Plaintiff next objects to the M&R's recommendation the court dismiss Count 3 as it pertains to plaintiff's claim that defendant J&A failed to provide to plaintiff written notice as required by statute within five days of defendant J&A's initial communication with plaintiff regarding the collection of the disputed debt. Specifically, plaintiff argues defendant J&A's February 5, 2013, request for his consumer report, made to TransUnion, constituted an "initial communication" with a consumer regarding the collection of a debt. Relying on that argument, plaintiff contends the FDCPA imposed upon defendant a duty to provide him with statutorily required notice by February 10, 2013. The court disagrees.
Section 1692g(a) provides that "within five days after the initial communication with the consumer in connection with the collection of any debt" the debt collector must provide the debtor with written notice containing:
(1) the amount of the debt;
(2) the name of the creditor to whom the debt is owed;
(3) a statement that unless the consumer, within thirty days after receipt of the notice, disputes the validity of the debt, or any portion thereof, the debt will be assumed to be valid by the debt collector;
(4) a statement that if the consumer notifies the debt collector in writing within the thirty-day period that the debt, or any portion thereof, is disputed, the debt collector will obtain verification of the debt or a copy of a judgment against the consumer and a copy of such verification or judgment will be mailed to the consumer by the debt collector; and
(5) a statement that, upon the consumer's written request within the thirty-day period, the debt collector will provide the consumer with the name and address of the original creditor, if different from the current creditor.
15 U.S.C. § 1692g(a). A "communication" is "the conveying of information regarding a debt directly or indirectly to any person through any medium." Id. § 1692a(3). Thus, § 1692g(a) requires a debt collector to provide a consumer with the previously mentioned written notice after the first communication wherein the debt collector conveys "information regarding a debt directly or indirectly to [the consumer] through any medium." See id. §§ 1692a(3); 1692g(a).
Accessing a consumer report does not constitute an initial communication with a consumer as contemplated by § 1692g(a). Without knowledge as to when, or if, plaintiff would request his consumer report, defendant J&A could not have intended to communicate with plaintiff indirectly through TransUnion. In addition, plaintiff's complaint fails to state a claim upon which relief can be granted. Section 1692g(a) requires notice only after a communication concerning the "collection" of a debt. As discussed previously, defendant J&A could have pulled plaintiff's credit report regarding the collection or review of plaintiff's account. As plaintiff's amended complaint contains no allegations from which the court could conclude defendant J&A simply was not reviewing plaintiff's account, there are insufficient facts to state a claim under the Twombly-Iqbal pleading standard.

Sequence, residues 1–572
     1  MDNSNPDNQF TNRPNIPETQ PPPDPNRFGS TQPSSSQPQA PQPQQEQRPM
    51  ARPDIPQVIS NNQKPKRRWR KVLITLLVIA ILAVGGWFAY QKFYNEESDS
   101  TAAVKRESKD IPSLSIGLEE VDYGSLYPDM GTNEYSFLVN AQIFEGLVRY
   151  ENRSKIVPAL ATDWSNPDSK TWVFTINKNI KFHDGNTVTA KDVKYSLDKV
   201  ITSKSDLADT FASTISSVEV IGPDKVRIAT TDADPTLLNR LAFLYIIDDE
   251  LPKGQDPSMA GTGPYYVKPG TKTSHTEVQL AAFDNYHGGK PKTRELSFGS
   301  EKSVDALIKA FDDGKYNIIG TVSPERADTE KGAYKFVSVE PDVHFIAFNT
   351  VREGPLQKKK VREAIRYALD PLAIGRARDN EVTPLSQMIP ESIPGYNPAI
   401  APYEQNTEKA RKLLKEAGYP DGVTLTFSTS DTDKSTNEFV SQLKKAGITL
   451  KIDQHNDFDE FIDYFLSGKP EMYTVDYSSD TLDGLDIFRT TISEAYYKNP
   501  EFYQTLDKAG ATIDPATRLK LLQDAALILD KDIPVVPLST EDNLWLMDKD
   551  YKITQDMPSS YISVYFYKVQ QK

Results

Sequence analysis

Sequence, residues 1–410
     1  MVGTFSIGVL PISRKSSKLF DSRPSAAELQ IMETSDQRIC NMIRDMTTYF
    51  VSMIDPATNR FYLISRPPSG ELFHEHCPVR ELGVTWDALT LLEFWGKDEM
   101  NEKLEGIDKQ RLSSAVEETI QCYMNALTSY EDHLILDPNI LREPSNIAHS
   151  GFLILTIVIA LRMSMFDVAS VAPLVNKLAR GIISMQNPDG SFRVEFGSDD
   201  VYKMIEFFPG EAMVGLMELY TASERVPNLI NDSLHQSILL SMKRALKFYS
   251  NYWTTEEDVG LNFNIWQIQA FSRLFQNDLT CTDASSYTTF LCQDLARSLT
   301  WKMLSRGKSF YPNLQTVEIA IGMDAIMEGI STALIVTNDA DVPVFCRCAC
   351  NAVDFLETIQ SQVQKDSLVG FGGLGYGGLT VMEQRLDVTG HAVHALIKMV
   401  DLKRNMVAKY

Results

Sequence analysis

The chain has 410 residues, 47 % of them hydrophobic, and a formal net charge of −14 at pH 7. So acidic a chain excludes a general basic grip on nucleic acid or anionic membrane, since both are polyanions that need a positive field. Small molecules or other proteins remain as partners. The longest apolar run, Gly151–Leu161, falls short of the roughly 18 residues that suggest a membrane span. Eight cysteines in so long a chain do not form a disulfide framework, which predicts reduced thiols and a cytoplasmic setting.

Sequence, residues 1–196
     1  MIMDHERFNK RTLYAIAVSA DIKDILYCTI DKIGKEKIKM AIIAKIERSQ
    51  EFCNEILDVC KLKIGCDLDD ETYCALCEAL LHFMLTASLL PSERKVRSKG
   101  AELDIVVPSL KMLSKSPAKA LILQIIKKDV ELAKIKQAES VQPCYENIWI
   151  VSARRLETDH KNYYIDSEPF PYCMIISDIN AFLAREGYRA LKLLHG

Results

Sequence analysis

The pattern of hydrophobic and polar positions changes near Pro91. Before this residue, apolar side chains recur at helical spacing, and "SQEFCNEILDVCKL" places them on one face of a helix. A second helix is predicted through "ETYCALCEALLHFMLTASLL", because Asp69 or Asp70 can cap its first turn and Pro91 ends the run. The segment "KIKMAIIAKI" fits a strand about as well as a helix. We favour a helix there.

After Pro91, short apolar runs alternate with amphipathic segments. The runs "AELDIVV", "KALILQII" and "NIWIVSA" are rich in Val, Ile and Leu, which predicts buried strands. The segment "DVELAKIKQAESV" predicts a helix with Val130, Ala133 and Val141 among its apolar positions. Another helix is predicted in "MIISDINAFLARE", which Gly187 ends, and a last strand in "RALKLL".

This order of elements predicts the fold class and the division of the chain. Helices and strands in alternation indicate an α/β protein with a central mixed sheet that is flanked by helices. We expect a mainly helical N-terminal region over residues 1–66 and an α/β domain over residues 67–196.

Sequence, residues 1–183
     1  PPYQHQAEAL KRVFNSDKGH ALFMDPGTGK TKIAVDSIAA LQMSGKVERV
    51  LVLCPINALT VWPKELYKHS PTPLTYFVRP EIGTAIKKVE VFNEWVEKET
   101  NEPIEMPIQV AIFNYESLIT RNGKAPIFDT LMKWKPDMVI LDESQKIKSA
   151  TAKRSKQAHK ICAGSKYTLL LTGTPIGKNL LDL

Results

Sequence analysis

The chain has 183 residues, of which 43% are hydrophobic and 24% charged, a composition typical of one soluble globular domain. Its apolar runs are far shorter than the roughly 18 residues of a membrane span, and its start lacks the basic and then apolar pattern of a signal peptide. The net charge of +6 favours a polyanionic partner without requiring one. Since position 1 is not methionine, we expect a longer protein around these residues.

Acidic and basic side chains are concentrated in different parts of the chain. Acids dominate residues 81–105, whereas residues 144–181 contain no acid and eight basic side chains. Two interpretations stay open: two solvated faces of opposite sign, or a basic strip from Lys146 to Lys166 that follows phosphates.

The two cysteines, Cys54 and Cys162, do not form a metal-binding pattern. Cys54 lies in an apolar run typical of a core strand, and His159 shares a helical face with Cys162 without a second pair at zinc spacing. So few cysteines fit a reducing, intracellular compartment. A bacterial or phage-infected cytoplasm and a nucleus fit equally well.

3. 15 U.S.C. § 1692e(8) - Failure to Communicate a Disputed Debt
Plaintiff objects to the M&R's recommendation Count 4 be dismissed, as it relates to defendant Allen's alleged failure to communicate a disputed debt to TransUnion. Plaintiff argues the FDCPA requires debt collectors "communicate that a disputed debt is disputed, " thus creating an affirmative obligation on debt collectors to relay the disputed nature of a debt to the various credit reporting agencies any time they learn of a dispute. However, the court concludes defendant Allen was under no such obligation.
Section 1692e(8) prohibits a det collector from using "any false, deceptive, or misleading representation or means in connection with the collection of any debt... [including] [c]ommunicating or threatening to communicate to any person credit information which is known or which should be known to be false, including the failure to communicate that a disputed debt is disputed." 15 U.S.C. § 1692e(8). "Communication" is "the conveying of information regarding a debt directly or indirectly to any person through any medium." Id. § 1692a(3).
Plaintiff argues that the duty to disclose that a disputed debt is disputed is absolute. Under plaintiff's theory, mere knowledge that a debt is disputed automatically would trigger the duty to report that dispute to credit reporting agencies. However, § 1692e merely prohibits failure to communicate that a debt is disputed " in connection with the collection of the debt. " 15 U.S.C. § 1692e(8). Imposition of an affirmative duty to report the disputed nature of a debt to a credit reporting agency, as plaintiff advocates, exceeds this requirement.
This conclusion is supported by the great weight of authority. In Brady v. Credit Recovery Co., 160 F.3d 64 (1st Cir. 1998), the court articulated § 1692e(8)'s disputed-debt-reporting requirement to require "a debt collector who knows or should have known that a given debt is disputed to disclose its disputed status to persons inquiring about a consumer's credit history ." Id. at 67. Other courts have followed this interpretation. See, e.g., Wilhelm v. Credico, Inc., 519 F.3d 416, 418 (8th Cir. 2008); O'Fay v. Sessoms & Rogers, P.A., No. 5:08-CV-615-D, 2010 WL 9478988, at *7 (E.D. N.C. Feb. 9, 2010); Gough v. Bernhardt & Strawser, PA, No. 1:05-CV-398, 2006 WL 1875327, at *5 (M.D. N.C. June 30, 2006).